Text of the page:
Winged Scapula: Tests, Stretches & Exercises

Unique Approach to Assess and Treat Winged Scapula

By Coach E

winged scapula exercises

Although super heroes may have ‘em and energy drink ads promise to give them to you – real life wings aren’t a good thing. An issue called winged scapula can cause serious pain and weakness.

But today I’ll teach you techniques to test for this scapular dysfunction, stretches to release the area and exercises to help strengthen and support your scapulae and your entire shoulder.

Noticing Your “Wings”

Since you’re a Precision Movement reader, I think it’s safe to assume you’re an active guy or gal who hits the gym (or the court, or the ring…) regularly.

Maybe you do some heavy overhead lifts, like to hit the rowing machine or spend some time in the boxing ring, but regardless, you’re dependent on your shoulders and your scaps when it comes to working out.

back-body-scapular-winging

Then one day, you start to notice some pain developing over your scapulae.

You try to brush it off, but the pain gets worse over the next couple of weeks, and at the same time, your lifts start to feel super weak.

But the day you really notice the weakness, you aren’t in the gym.

You’re reaching into your car to pull out some heavy grocery bags, when your shoulder goes weak and they slam into the driveway before you realize what happened… there goes a dozen eggs and tomorrow’s breakfast…

You finally get inside and collapse onto a dining room chair, hoping to relax for a minute and think about what could be causing the pain and weakness.

But as you lean back into the chair, you notice that something doesn’t feel right. This chair, which you’ve had for years, suddenly feels super uncomfortable on your upper back.

As you wiggle around, trying to find a spot that feels fine for your scapulae, it occurs to you that they might be at the center of all these strange symptoms…

Symptoms of Winged Scapula

Scapular winging is basically a protruding edge of the shoulder blade. It may be related with  pain around the scapula, or general pain around the whole shoulder region.

People with winged scapulae may feel weak when trying to lift something out and away from their body, or when trying to lift any weights overhead [1].

This weakness may show up at the gym, like when trying to press dumbbells overhead, but it also interferes with everyday life, as discussed earlier. Movements like picking up grocery bags or putting dishes away into a high cabinet may be difficult or elicit pain.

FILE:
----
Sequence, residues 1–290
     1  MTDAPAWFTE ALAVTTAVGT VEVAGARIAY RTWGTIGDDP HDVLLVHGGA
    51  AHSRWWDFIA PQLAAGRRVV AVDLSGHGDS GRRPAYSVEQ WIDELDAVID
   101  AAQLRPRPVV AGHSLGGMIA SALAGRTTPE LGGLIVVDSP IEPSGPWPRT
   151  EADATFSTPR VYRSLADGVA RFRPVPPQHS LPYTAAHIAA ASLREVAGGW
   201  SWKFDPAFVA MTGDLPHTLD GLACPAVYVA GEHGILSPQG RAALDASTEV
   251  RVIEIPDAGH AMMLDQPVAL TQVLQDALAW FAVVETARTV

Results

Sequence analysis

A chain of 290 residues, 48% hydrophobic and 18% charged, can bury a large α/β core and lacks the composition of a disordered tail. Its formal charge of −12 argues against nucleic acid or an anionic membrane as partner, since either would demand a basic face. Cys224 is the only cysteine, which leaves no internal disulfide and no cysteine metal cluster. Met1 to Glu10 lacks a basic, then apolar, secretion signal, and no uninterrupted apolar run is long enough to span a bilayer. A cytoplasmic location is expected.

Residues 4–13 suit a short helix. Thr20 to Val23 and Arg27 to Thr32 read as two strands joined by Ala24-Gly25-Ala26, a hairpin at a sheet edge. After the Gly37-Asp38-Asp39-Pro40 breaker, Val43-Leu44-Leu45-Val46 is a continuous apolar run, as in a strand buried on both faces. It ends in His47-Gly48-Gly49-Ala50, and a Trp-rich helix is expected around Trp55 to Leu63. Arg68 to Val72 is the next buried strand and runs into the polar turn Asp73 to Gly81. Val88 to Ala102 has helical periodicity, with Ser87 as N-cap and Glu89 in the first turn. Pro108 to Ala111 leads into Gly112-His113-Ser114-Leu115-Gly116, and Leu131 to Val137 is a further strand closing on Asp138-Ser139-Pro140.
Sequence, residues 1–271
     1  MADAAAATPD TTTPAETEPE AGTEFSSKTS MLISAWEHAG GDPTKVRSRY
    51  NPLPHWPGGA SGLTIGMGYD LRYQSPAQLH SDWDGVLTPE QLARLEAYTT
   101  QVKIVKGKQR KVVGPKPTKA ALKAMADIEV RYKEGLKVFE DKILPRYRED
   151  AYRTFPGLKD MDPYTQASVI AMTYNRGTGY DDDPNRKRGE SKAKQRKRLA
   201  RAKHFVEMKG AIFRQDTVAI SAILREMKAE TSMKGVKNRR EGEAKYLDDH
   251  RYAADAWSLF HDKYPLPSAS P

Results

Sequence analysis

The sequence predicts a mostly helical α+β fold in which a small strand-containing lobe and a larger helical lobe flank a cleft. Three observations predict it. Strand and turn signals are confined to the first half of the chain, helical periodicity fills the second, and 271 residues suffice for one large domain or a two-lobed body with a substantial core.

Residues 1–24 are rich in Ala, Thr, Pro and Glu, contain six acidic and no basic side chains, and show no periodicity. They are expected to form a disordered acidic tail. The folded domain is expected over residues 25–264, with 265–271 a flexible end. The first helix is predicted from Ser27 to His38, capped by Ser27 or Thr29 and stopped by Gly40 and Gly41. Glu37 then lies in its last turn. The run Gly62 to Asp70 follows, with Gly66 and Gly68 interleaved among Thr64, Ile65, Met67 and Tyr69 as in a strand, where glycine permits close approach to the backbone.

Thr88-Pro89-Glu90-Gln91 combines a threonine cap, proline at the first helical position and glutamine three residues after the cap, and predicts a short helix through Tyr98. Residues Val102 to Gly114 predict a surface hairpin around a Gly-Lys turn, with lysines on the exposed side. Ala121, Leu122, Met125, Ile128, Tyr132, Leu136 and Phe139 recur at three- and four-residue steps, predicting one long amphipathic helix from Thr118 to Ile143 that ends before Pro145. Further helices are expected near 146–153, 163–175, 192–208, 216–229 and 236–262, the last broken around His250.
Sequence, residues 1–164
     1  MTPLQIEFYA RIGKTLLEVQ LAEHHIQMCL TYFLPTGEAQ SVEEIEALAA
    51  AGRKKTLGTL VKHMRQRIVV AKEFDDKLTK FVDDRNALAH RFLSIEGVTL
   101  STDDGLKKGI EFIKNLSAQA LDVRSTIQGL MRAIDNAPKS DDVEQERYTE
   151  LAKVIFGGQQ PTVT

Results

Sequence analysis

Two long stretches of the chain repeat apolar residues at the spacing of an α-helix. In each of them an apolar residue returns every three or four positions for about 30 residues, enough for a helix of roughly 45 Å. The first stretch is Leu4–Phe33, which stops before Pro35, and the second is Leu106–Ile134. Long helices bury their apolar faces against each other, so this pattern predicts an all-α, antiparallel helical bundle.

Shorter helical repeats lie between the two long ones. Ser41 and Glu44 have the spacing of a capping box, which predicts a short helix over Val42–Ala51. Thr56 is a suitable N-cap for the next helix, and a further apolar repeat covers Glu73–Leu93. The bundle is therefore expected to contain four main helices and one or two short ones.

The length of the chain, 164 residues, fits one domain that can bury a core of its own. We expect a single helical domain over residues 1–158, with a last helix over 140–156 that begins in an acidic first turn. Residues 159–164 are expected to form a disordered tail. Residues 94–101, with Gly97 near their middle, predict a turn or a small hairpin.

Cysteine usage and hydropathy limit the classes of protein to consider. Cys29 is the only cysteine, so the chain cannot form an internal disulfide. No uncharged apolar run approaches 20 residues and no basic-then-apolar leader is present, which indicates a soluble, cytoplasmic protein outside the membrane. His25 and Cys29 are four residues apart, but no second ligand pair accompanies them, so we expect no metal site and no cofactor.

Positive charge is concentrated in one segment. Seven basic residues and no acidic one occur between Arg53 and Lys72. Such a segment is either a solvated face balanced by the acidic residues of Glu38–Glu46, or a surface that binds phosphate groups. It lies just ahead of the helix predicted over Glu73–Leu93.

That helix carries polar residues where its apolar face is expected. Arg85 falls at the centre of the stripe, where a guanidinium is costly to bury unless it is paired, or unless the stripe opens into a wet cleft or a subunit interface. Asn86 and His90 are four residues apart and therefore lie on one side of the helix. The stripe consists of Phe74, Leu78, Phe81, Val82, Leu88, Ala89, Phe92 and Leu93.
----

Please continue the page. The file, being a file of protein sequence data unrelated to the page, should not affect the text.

It may also feel uncomfortable when you’re not moving at all. Those protruding scapulae can press against surfaces like the backs of chairs, making even sitting feel off [2].

The Role of the Scapula

To understand what’s going on to cause these symptoms, we’ve got to take a closer look at the scapula.

Your plate-like scapula, or shoulder blade, is an attachment site for 17 different muscles [3].

Here’s a pic of where some of those muscles attach.

winged-scapula-anatomy

Image by www.theartofmed.wordpress.com

Rotator cuff muscles, arm muscles, back muscles, chest muscles – there are many that connect to your scapulae.

This allows for complex and variable shoulder movement, but also makes it easy for compensations to occur when one muscle isn’t functioning correctly.

These muscles both create shoulder movement while also providing stability.

The scapulae have a socket called the glenoid where the head of the humerus lies and the scapular muscles move the scapulae around so the head of the humerus can remain centered while you move your arm around [4].

Scapular winging can prevent proper centration from occurring, leading to problems like shoulder impingement and rotator cuff tendonitis and strains.

Why Causes Winged Scapula?

If your serratus anterior (which runs along your side from your first 8 ribs back to the underside of your scapula, near the medial border) becomes weak and unable to perform the function of scapular stabilization, that medial border can start to lift AWAY from the body, “winging” up.

what causes winged scapula

Image by www.physio-pedia.com

This can be caused by general muscle weakness, or from nerve damage to the area.

Athletes who repeatedly use their arm overhead – especially if they do so while tilting their head (something that can happen easily in a sport like volleyball and happens way too often when poor form is used while lifting weights) – are at an increased risk for this type of scapular winging [5].

Winging can also happen along the lateral border of your scapula if your trapezius muscle isn’t functioning correctly. But this type of winging tends to be from complications related to surgery [6], rather than the overuse you’re more likely to encounter in the gym.

Testing for Winged Scapula

In some cases, winged scapula can be super easy to spot with just a quick glance. But the dysfunction isn’t always that noticeable… Especially if you’re just trying to catch a glimpse in the mirror by yanking your neck behind you to get a good look.

Thankfully there are two great assessments that will help you determine if scapular winging is behind your pain.

(A quick tip for these tests – you’ll want to grab a buddy for another set of eyes on your back. You can always have them snap a pic or take a quick video so you can see your scapular movements yourself!)

Winged Scapula Wall Test

For this test, stand facing a wall, with your feet about two feet back. Start to lift your arms up toward the wall, rotating your fingers down toward the ground.

Press your palms flat against the wall at around the height of your waist. This position should make any winging of the scapula much more noticeable and visible [7].

winged scapula wall test

Image by www.shoulderdoc.co.uk

Winged Scapula During Shoulder Flexion Test

For this test, grab a light weight, maybe a 3 to 5-pound dumbbell and a buddy. You may want to forward this article to your buddy to review so they know what to look for.

Having a weight in hand will make the simple movement you’re going to perform a bit more difficult. The added difficulty will make it harder for you to keep any underlying winging under control, thus making it easier to spot [8].

So, grab that light weight and hold it with your thumbs up. Then, simply flex your shoulder to lift your arms overhead.